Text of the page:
• flow magnitude;
  • flow sequence;
  • ungauged watersheds;
  • flow duration curve;
  • regional equations;
  • watershed variables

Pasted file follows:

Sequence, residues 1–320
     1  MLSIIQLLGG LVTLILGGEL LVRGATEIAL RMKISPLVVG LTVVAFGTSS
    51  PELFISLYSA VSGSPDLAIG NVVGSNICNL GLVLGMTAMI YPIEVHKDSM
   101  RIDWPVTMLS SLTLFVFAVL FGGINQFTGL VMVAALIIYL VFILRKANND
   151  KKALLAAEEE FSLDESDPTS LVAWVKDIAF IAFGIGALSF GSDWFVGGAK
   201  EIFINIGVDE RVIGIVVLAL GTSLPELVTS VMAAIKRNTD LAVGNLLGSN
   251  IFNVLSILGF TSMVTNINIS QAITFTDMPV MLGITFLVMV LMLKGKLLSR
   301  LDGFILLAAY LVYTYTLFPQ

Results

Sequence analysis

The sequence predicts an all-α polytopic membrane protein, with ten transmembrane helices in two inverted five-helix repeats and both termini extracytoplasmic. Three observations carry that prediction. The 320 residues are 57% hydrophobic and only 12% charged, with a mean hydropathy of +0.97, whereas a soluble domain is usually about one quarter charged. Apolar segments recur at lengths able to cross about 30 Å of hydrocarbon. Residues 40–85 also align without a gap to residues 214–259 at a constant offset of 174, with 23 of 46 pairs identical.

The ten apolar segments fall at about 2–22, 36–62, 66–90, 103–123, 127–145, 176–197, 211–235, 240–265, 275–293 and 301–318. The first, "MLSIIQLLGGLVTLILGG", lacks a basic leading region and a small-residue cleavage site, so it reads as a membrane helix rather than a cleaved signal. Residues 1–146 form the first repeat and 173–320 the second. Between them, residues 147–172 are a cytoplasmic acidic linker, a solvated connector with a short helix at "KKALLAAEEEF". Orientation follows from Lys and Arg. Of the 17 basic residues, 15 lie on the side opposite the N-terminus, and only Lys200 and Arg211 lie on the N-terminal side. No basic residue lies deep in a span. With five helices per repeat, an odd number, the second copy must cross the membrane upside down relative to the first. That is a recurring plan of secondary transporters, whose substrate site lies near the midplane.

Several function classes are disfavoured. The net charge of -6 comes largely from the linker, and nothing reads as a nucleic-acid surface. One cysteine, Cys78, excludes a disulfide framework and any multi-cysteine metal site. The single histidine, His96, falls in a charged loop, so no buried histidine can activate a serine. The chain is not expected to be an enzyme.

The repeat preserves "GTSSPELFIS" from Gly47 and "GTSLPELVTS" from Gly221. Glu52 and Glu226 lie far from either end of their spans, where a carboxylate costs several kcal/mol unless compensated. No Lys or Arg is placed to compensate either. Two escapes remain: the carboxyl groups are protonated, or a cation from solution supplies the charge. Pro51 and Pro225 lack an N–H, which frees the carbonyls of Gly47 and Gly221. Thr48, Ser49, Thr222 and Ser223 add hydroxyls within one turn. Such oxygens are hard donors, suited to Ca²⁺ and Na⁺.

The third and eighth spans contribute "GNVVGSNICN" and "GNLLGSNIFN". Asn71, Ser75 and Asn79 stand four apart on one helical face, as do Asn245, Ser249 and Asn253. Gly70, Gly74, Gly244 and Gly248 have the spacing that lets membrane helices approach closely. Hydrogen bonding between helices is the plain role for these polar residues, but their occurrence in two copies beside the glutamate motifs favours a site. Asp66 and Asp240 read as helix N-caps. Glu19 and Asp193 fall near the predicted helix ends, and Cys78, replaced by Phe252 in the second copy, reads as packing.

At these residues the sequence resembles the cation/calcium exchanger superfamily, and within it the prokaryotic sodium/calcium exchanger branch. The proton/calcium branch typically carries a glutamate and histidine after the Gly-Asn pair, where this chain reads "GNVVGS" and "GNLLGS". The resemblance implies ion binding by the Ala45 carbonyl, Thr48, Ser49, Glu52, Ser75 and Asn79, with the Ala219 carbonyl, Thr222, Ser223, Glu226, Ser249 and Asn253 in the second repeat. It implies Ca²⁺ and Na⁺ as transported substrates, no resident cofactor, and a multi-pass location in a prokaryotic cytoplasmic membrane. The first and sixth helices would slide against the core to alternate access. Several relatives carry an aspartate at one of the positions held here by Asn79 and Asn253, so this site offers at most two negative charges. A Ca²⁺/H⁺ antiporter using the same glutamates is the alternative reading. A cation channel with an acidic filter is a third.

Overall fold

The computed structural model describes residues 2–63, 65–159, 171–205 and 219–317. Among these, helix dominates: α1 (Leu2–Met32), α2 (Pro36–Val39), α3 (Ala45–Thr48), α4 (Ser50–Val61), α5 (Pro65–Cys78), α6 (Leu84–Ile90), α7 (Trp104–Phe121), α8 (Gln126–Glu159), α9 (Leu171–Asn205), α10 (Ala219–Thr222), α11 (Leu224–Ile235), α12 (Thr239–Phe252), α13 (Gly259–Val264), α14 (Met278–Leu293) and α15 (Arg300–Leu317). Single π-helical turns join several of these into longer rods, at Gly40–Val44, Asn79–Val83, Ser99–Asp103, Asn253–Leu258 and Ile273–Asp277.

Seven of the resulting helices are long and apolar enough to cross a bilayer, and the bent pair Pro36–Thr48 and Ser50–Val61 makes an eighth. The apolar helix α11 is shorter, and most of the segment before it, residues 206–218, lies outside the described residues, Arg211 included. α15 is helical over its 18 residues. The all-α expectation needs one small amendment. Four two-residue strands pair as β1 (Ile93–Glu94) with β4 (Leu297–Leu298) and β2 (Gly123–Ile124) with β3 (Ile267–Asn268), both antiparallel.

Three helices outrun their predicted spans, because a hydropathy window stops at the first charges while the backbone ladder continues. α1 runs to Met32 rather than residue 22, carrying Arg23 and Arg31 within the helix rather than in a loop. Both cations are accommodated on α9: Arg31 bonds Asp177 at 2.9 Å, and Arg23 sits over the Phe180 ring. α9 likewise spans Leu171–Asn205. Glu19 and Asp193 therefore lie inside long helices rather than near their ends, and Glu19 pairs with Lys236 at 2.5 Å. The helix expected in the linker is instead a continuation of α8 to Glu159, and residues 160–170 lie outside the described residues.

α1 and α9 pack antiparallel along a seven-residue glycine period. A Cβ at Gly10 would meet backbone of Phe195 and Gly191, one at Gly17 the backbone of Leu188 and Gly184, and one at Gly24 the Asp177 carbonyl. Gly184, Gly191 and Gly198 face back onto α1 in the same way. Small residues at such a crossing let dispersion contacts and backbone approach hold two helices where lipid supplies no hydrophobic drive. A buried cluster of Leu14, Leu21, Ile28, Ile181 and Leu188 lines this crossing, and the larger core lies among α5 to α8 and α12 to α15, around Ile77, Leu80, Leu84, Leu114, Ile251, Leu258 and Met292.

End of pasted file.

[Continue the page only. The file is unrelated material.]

Commonly used methods to predict streamflow at ungauged watersheds implicitly predict streamflow magnitude and temporal sequence concurrently. An alternative approach that has not been fully explored is the conceptualization of streamflow as a composite of two separable components of magnitude and sequence, where each component is estimated separately and then combined. Magnitude is modeled using the flow duration curve (FDC), whereas sequence is modeled by transferring streamflow sequence of gauged watershed(s). This study tests the applicability of the approach on watersheds ranging in size from about 25-7,226 km2 in Southeastern Coastal Plain (U.S.) with substantial surface storage of wetlands. A 19-point regionalized FDC is developed to estimate streamflow magnitude using the three most selected variables (drainage area, hydrologic soil index, and maximum 24-h precipitation with a recurrence interval of 100 years) by a greedy-heuristic search process. The results of validation on four watersheds (Trent River, North Carolina: 02092500; Satilla River, Georgia: 02226500; Black River, South Carolina: 02136000; and Coosawhatchie River, South Carolina: 02176500) yielded Nash-Sutcliffe efficiency values of 0.86-0.98 for the predicted magnitude and 0.09-0.84 for the predicted daily streamflow over a simulation period of 1960-2010. The prediction accuracy of the method on two headwater watersheds at Santee Experimental Forest in coastal South Carolina was weak, but comparable to simulations by MIKE-SHE.